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Span Bolster trucks on locomotives

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  • Member since
    November 2019
  • 26 posts
Span Bolster trucks on locomotives
Posted by TractionAction1700 on Wednesday, February 5, 2020 10:56 AM

One thing that I have not often seen in Ho scale is span bolster trucks.

from what I know, span bolsters were a way of mounting 2 locomotive trucks under basically a bigger truck to distribute weight better/more power. A few examples would be the early UP gas turbines and the U50s that were built over the late GTEL chassis. Along with the N&W Jawn Henry and The Illinois Traction class C freight motors. I seen 1960s brass engines pull it off, what’s stopping companies from doing it? Athearn for example just put dummy trucks on each end of their U50 otherwise I would have bought one! 

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  • From: Milwaukee WI (Fox Point)
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Posted by dknelson on Wednesday, February 5, 2020 11:14 AM

Well at least some of the 1960s brass -- relying on memory here but I think the Illinois Terminal motors were an example --  "pulled it off" using a form of belt drive, which does not last forever and which is not easy to throttle down to slow speed in the smaller scales such as HO.  

These forums are replete with postings about how new and expensive locomotives have sometimes had problems and issues that the customer has to deal with or suffer with.  Quality control is becoming a real issue.  A fully powered U50 might be a wonderful thing or it might be one more set of complexities to go wrong.  Murphy decides.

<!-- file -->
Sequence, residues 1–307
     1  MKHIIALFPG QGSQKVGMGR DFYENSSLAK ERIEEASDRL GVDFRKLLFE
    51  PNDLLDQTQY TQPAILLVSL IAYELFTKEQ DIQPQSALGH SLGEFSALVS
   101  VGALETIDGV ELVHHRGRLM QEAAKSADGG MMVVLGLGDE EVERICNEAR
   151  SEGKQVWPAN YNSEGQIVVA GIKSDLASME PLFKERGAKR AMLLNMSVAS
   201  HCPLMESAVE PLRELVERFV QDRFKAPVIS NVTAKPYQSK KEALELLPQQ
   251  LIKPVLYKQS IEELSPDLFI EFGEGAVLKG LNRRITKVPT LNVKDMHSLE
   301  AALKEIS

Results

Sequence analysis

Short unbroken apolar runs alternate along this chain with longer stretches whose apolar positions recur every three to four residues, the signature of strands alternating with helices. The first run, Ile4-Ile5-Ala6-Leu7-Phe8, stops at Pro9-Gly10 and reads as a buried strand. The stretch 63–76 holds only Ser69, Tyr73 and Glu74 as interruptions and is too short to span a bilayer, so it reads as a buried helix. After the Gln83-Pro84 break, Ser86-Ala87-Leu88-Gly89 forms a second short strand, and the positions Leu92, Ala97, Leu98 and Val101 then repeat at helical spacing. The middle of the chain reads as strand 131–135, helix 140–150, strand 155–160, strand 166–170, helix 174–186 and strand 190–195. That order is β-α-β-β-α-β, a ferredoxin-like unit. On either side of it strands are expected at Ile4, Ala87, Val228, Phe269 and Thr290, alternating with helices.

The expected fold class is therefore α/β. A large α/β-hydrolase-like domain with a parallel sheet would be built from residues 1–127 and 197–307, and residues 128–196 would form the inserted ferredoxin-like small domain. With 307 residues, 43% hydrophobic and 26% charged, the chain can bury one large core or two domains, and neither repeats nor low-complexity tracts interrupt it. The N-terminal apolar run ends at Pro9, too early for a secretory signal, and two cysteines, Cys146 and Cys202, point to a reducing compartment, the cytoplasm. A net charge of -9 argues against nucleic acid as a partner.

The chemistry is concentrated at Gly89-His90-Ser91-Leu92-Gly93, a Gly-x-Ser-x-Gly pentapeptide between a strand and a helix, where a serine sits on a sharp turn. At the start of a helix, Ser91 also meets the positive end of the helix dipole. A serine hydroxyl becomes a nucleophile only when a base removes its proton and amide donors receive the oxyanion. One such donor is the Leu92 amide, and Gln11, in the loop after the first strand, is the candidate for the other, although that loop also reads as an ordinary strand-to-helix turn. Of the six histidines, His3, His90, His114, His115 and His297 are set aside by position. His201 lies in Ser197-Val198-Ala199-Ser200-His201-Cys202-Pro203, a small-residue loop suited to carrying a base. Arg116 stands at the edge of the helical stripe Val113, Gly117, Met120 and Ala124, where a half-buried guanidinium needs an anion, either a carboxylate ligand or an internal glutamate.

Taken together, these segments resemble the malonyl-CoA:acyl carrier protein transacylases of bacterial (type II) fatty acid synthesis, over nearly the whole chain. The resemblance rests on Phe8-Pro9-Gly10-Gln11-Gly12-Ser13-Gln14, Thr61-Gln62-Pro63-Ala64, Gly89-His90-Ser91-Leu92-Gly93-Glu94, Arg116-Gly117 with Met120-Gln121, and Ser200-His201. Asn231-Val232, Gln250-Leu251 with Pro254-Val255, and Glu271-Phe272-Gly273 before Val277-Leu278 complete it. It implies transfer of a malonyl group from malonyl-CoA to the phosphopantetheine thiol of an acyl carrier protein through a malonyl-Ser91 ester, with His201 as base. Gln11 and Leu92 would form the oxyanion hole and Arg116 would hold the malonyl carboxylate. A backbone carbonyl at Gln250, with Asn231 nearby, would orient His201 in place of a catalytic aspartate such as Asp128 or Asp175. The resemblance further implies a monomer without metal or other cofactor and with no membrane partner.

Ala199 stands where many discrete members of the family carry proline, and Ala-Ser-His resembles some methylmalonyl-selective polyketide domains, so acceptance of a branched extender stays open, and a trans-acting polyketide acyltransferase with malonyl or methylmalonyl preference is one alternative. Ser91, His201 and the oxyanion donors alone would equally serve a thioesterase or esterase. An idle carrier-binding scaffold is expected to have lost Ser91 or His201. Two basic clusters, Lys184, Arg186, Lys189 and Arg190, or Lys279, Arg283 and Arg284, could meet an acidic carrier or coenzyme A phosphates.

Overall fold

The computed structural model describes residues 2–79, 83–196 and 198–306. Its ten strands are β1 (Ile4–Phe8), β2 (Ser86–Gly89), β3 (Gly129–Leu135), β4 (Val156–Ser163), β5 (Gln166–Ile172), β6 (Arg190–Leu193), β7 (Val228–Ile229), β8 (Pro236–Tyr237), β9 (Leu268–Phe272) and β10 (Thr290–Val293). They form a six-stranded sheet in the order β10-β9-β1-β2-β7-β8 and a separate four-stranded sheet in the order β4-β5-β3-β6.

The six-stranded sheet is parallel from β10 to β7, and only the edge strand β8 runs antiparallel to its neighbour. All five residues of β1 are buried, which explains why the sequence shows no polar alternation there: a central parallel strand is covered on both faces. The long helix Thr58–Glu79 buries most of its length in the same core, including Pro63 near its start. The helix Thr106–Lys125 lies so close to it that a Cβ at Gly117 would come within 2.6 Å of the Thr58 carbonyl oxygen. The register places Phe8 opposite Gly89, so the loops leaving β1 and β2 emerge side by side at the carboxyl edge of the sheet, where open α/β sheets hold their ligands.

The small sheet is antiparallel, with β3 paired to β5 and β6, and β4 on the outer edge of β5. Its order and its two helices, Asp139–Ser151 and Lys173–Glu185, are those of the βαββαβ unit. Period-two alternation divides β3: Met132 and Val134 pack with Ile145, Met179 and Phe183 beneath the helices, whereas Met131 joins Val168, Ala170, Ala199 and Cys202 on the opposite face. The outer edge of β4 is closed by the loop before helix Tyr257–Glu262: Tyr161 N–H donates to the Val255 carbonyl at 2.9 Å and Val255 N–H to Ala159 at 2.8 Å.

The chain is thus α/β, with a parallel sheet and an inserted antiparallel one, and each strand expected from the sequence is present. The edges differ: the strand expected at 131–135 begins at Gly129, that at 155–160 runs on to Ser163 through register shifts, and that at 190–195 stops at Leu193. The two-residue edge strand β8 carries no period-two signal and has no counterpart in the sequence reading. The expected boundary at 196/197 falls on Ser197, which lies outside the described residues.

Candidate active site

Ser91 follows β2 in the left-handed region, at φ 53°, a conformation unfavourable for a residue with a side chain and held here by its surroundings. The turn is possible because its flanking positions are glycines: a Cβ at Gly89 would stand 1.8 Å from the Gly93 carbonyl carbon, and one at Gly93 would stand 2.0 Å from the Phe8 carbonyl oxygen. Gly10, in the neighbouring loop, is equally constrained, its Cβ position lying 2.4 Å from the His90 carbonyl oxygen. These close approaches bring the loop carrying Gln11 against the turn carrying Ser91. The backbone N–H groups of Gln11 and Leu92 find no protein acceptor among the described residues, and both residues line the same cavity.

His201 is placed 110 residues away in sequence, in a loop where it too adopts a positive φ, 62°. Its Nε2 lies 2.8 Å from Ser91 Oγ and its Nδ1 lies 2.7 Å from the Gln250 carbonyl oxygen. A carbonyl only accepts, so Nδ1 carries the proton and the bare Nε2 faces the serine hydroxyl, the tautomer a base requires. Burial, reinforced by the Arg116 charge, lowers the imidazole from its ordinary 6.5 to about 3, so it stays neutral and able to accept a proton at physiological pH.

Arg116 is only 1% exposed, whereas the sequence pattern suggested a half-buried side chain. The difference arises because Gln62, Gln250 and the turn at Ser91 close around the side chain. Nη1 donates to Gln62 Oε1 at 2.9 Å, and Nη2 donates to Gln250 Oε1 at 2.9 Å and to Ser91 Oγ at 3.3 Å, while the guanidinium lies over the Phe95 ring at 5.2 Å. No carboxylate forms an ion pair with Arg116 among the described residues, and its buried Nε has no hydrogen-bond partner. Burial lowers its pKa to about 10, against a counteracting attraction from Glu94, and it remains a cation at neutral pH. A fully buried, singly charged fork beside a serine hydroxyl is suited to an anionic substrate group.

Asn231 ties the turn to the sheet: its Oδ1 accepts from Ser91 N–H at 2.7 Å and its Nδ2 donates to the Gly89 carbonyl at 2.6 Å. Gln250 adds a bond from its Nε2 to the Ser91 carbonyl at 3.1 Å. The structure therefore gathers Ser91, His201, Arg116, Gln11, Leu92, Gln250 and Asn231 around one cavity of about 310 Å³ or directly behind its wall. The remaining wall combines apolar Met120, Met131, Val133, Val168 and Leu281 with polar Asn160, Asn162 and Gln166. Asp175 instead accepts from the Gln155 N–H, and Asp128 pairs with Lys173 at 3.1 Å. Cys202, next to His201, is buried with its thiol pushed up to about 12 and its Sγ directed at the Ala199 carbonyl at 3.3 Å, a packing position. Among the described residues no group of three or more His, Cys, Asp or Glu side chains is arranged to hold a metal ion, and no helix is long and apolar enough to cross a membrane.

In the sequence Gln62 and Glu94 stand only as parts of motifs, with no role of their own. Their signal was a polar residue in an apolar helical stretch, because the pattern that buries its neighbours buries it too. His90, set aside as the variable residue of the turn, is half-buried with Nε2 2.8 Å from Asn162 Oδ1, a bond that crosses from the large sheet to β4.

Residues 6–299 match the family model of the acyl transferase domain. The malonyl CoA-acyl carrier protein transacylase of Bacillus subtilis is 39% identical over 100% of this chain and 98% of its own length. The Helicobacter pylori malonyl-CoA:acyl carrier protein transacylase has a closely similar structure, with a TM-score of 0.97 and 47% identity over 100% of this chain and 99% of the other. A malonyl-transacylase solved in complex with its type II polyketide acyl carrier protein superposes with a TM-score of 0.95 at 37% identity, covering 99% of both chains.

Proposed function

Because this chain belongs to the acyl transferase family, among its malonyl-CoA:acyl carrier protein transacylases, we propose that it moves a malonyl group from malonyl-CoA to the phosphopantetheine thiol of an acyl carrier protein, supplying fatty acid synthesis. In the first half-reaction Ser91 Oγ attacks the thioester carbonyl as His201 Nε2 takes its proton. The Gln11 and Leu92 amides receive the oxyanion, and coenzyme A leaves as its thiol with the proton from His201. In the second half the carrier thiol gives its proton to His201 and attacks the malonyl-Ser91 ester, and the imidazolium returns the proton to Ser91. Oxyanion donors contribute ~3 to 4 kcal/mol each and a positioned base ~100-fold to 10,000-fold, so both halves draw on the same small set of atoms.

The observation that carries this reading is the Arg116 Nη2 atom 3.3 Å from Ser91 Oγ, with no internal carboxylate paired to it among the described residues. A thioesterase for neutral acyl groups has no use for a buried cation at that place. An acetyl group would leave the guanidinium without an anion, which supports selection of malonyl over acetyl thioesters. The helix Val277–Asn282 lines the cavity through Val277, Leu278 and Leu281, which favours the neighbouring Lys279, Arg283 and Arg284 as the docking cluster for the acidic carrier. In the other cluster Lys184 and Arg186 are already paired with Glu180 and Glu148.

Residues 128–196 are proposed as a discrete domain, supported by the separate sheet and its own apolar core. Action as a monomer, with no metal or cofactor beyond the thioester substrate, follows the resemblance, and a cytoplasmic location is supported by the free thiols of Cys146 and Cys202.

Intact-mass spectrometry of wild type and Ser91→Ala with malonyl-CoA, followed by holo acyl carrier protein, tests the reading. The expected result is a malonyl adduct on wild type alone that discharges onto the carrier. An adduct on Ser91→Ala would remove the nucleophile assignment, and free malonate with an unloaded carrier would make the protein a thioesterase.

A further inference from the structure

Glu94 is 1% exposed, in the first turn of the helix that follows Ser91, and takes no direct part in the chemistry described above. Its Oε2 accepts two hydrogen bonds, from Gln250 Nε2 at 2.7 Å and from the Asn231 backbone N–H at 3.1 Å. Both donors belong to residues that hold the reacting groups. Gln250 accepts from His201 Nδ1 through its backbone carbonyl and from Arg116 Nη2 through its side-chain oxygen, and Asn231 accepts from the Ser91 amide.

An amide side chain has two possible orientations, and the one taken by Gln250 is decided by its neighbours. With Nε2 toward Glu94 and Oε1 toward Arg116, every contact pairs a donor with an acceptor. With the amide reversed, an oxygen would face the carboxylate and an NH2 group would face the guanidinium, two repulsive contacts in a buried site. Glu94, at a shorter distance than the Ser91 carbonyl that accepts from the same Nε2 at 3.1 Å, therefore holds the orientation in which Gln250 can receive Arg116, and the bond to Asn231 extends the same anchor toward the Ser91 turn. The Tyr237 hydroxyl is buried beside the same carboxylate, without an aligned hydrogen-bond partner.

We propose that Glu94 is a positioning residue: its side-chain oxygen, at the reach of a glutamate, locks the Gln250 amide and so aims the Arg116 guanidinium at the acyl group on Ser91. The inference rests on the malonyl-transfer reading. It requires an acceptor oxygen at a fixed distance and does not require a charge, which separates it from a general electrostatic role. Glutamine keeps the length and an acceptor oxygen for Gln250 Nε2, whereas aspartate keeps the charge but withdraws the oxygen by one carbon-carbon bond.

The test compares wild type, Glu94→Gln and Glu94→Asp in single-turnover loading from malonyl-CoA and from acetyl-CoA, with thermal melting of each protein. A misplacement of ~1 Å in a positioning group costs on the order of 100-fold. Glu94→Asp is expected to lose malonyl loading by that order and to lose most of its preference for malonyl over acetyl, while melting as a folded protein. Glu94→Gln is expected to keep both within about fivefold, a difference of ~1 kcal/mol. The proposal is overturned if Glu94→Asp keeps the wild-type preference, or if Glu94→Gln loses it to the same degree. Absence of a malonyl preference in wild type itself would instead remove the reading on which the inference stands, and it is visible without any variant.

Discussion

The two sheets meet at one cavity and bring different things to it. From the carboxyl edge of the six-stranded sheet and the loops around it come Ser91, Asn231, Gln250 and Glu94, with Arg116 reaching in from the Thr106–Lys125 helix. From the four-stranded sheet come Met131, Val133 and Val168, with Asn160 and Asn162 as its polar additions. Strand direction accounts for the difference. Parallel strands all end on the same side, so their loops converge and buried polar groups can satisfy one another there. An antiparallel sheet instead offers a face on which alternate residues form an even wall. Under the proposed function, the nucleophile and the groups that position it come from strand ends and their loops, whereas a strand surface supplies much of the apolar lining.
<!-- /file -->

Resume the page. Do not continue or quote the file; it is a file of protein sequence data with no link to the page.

Dave Nelson

 

  • Member since
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  • From: Reading, PA
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Posted by rrinker on Wednesday, February 5, 2020 11:14 AM

 What's wrong with the way Athearn did the loco? It has the span bolsters. There's pretty much no way to get a flexible coupling in the short distance between the two trucks to power both AND still have the loco run on the layout of anyone who doesn't have a barn to build in. It pulls plenty enough with 4 drive axles.

Guarantee if a brass one from the 60's has all 8 axles powered, there are other compromises done to make it work that are probably even less appealing to just having non-powered trucks at the end.

                             --Randy 


Modeling the Reading Railroad in the 1950's

 

Visit my web site at www.readingeastpenn.com for construction updates, DCC Info, and more.

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Posted by mbinsewi on Wednesday, February 5, 2020 11:51 AM

I've looked at a couple of Athearns U50's, and I agree with Randy, what's wrong with that set up?

You'd need 48" curves at a minumum to run one IF they did figure out how to drive all 8 axles.

Someone in here has used Hobbytown drives for some of his locos,  to drive multiple trucks, but I don't think even that would work successfully in the U50's.

Mike.

  • Member since
    November 2019
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Posted by TractionAction1700 on Wednesday, February 5, 2020 11:54 AM

not trying to bash Athearn, been an off day for me, (took me 5 minutes or so to figure out what quarter past 8 means when I woke up today) just hoping to find some ideas on the various ways it could be done. I have a project with NWSL stanton Drives so I figured I’d see if anyone had good ideas. Pardon my tired articulation (ha, articulation, span bolsters.)

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Posted by mbinsewi on Wednesday, February 5, 2020 12:28 PM

The guy in here that has done things with the Hobbytown drives, I think his screen name is DarthSanta Fe?  

The stanton drives look like a good start.

Mike.

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